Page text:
FIGURE 4 Recording configuration and typical physiologic responses in a hippocampal-slice recording experiment. Electrode placements and responses from stratum pyramidale (cell body layer) and stratum oriens (dendritic regions) are shown. In addition, the typical waveform of a population EPSP is illustrated, showing the stimulus artifact, fiber volley, and population EPSP. Figure and data by Joel Selcher.

stratum radiatum recordings (see Figure 4). If one is recording from the cell body layer (stratum pyramidale), the EPSP is an upward deflection; if the cells fire action potentials, the EPSP has superimposed upon it a downward deflecting "spike", the population spike. As mentioned earlier, for both stratum radiatum and stratum pyramidale recordings, the EPSP slope measurements are taken as early as possible after the fiber volley to eliminate contamination by population spikes.

Test stimuli are typically delivered and responses recorded at 0.05 Hz (once every 20 seconds); every six consecutive responses over a 2-minute period are pooled and averaged. As a prelude to starting an LTP experiment, input/output (I/O) functions for stimulus intensity versus EPSP magnitude are recorded in response to increasing intensities of stimulation (e.g.

from 2.5 to 45.0 ^A, see Figure 5). For the remainder of the experiment, the test stimulus intensity is set to elicit an EPSP that is approximately 35-50% of the maximum response recorded during the I/O measurements. Baseline synaptic transmission at this constant test stimulus intensity is usually monitored for a period of 15-20 minutes to ensure a stable response.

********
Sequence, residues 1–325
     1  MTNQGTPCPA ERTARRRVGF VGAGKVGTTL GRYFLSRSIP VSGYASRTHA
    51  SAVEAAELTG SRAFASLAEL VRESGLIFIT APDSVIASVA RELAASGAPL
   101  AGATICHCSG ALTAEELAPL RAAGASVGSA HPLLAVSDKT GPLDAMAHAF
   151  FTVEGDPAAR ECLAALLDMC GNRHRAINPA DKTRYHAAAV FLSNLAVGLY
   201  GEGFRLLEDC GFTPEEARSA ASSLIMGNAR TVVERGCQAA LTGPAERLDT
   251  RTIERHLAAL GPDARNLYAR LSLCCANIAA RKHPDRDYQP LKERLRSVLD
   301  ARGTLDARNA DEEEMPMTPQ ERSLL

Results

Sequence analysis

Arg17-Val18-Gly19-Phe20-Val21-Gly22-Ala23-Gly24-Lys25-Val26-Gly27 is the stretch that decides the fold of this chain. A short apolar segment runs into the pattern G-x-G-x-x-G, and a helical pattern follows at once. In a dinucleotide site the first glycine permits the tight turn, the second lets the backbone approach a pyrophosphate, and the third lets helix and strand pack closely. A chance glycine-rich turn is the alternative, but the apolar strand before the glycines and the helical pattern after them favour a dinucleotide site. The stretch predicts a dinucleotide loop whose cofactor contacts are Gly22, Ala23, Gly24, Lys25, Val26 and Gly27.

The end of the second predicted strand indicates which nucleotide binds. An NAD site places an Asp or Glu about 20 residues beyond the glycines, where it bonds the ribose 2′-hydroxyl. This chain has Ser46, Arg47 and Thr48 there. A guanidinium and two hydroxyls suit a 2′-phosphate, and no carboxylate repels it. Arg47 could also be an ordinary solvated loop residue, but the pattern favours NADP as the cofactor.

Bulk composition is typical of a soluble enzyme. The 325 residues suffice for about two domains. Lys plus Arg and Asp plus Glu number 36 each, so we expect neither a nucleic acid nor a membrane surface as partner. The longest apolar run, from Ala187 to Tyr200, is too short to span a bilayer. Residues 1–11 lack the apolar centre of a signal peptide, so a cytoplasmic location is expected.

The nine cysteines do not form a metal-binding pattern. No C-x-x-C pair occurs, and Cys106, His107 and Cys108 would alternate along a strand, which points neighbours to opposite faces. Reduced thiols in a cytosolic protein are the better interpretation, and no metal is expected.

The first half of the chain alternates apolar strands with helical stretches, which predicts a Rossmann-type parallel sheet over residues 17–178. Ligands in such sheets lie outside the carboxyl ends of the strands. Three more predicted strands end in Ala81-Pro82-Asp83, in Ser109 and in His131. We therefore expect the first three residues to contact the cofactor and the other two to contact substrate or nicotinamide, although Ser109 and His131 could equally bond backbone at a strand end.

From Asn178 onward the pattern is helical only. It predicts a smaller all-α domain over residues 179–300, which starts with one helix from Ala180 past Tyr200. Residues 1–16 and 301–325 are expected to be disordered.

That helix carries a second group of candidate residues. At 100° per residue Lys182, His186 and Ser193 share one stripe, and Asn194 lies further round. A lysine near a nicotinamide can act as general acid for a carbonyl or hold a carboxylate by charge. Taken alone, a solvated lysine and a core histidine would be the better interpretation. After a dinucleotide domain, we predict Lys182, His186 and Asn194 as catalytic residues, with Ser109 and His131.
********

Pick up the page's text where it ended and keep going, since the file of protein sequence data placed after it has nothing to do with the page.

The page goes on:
Once the health of the hippocampal slice is confirmed as indicated by a stable baseline synaptic response, LTP can be induced using any one of a wide variety of different LTP induction protocols. Many popular variations include a single or repeated period of 1-second, 100 Hz stimulation (with delivery of the 100-Hz trains separated by 20 seconds or more) where stimulus intensity is at a level necessary for approximately half-maximal

Steps Synaptic Transmission

FIGURE 5 An input-output curve and typical LTP experiment. (A) This panel shows the relationship of EPSP magnitude versus stimulus intensity (in microamps) and the same data converted to an input-output relationship for EPSP versus fiber volley magnitude in order to allow an evaluation of postsynaptic response versus presy-naptic response in the same hippocampal slice. (B) This panel illustrates a typical high-frequency stimulation-induced potentiation of synaptic transmission in area CA1 of a rat hippocampal slice in vitro. The arrow indicates the delivery of 100 Hz (100 pulses/second) synaptic stimulation. Data courtesy of Ed Weeber and Coleen Atkins.

Time (ruin)

FIGURE 5 An input-output curve and typical LTP experiment. (A) This panel shows the relationship of EPSP magnitude versus stimulus intensity (in microamps) and the same data converted to an input-output relationship for EPSP versus fiber volley magnitude in order to allow an evaluation of postsynaptic response versus presy-naptic response in the same hippocampal slice. (B) This panel illustrates a typical high-frequency stimulation-induced potentiation of synaptic transmission in area CA1 of a rat hippocampal slice in vitro. The arrow indicates the delivery of 100 Hz (100 pulses/second) synaptic stimulation. Data courtesy of Ed Weeber and Coleen Atkins.